The limitation of the 18F-FDG PET/CT technique is its moderate specificity, with many false-positive foci in the intestinal region associated with benign conditions such as reactive lymphatic hyperplasia, inflammation or red cell senescence [15]. With more children surviving lymphomas, finding safer and less toxic diagnostic options is a must to reduce the risk of late radiation complications such as secondary cancer and inheritable DNA mutations [16, 17].

Diffusion-weighted whole-body imaging with background body signal suppression (DWIBS) may be a good, radiation-free alternative [18, 19]. This method is based on the measurements of Brownian motion of water molecules in biological tissue. In many pathological conditions, water diffusivity is impeded (low) due to, e.g., increased neoplastic cellularity or swelling in inflammatory or infectious lesions. It also concerns lymphomas, where cells are densely packed and randomly organized, inhibiting an effective motion of extracellular water [20, 21, 22, 23]. DWIBS provides cross-sectional imaging of the entire body, with a high soft-tissue contrast, and functional information [24]. It is already employed in the follow-ups of patients with lymphoma [25, 26, 27]. It is included in EuroNet-PHL-Interimphase trial, which is still being continued by some European countries. Due to high spatial resolution, this technique allows for evaluation of the nodal space even in children, and thus accurately determining lymphoma involvement [28, 29].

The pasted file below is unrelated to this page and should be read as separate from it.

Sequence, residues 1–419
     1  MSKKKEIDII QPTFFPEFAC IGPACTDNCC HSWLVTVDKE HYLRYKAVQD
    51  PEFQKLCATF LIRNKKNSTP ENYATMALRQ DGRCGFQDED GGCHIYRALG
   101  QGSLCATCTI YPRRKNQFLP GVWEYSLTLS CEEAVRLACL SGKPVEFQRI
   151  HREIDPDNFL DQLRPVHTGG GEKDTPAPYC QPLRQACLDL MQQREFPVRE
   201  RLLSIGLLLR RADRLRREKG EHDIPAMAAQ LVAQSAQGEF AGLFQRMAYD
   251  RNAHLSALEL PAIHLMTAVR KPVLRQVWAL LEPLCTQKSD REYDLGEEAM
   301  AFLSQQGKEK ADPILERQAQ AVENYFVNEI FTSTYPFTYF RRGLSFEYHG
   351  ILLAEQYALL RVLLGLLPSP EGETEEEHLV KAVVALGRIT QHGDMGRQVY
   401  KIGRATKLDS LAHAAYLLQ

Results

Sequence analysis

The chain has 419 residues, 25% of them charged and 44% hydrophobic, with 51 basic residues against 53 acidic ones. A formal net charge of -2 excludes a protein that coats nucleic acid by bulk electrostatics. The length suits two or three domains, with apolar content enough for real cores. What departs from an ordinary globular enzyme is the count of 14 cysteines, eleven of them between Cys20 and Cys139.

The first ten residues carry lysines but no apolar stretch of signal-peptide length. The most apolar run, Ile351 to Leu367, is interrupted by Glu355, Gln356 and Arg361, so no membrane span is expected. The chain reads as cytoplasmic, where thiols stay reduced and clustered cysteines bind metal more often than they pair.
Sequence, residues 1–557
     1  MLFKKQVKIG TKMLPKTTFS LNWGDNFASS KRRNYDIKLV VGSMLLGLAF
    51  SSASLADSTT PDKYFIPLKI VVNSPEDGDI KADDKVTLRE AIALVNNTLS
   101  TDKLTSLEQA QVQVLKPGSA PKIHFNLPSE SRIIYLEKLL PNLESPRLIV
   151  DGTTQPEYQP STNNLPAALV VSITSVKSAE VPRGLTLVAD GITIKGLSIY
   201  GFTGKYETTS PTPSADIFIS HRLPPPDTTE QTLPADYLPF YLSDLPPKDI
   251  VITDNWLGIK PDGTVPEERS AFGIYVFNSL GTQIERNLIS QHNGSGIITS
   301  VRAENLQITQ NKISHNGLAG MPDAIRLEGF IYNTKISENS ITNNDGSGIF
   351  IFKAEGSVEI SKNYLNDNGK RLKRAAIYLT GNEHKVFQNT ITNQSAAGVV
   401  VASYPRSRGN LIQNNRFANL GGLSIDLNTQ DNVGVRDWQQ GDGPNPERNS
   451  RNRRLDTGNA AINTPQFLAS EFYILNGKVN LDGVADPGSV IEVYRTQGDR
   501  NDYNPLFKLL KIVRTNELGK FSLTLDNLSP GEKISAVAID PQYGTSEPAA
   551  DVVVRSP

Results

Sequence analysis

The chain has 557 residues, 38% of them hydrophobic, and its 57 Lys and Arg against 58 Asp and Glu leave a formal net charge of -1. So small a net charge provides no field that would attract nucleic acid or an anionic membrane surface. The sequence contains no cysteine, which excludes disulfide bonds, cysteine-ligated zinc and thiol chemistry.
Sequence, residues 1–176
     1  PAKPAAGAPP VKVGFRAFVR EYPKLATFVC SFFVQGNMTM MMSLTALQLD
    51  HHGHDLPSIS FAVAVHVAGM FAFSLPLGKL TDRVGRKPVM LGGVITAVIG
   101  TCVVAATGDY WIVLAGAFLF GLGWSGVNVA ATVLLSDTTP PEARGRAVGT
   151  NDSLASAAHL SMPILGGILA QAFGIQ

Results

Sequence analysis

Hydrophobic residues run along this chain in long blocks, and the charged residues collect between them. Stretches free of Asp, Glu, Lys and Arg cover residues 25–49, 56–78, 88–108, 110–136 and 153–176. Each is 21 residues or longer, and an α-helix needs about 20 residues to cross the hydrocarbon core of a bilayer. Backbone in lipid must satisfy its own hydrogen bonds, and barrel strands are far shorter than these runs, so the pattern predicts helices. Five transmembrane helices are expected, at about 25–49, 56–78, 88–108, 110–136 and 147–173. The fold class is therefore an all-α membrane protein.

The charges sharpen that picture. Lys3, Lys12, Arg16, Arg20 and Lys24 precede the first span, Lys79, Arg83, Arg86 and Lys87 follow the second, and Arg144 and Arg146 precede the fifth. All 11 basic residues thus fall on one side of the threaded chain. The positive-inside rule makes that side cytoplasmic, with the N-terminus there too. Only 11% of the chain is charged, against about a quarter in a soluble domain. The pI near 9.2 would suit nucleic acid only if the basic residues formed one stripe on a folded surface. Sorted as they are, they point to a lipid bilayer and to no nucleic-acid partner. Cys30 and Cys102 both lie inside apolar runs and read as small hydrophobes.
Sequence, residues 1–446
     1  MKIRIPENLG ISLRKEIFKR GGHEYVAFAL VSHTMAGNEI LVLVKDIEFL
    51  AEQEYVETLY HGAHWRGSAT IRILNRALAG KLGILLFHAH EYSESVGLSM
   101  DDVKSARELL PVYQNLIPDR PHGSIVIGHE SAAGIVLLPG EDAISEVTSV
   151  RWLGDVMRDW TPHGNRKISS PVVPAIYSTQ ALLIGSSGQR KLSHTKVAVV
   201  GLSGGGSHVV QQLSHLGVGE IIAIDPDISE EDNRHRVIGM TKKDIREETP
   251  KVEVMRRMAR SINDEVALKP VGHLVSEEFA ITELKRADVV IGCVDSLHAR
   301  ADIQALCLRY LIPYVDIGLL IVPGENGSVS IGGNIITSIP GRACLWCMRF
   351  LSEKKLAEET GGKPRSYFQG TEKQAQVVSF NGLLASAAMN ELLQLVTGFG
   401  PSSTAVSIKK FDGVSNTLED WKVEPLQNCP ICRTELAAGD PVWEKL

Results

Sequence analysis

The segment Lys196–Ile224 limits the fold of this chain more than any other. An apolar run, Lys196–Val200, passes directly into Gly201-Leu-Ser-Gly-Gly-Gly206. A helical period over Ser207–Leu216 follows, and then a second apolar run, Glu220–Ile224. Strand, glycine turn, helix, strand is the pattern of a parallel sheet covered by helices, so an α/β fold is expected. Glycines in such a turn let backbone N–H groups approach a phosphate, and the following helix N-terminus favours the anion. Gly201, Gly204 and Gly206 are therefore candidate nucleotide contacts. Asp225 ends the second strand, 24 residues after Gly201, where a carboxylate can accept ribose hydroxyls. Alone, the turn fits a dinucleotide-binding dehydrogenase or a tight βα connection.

There are still little data on the accuracy of DWIBS technique in initial staging of Hodgkin lymphoma in pediatric patients [19, 20, 28, 30, 31]. Thus, this study aims to compare the accuracy of lymphatic regions recognition between DWIBS technique and the 18F-FDG PET/CT as a gold standard in a group of pediatric patients newly diagnosed with Hodgkin lymphoma.

Materials and methods

Patients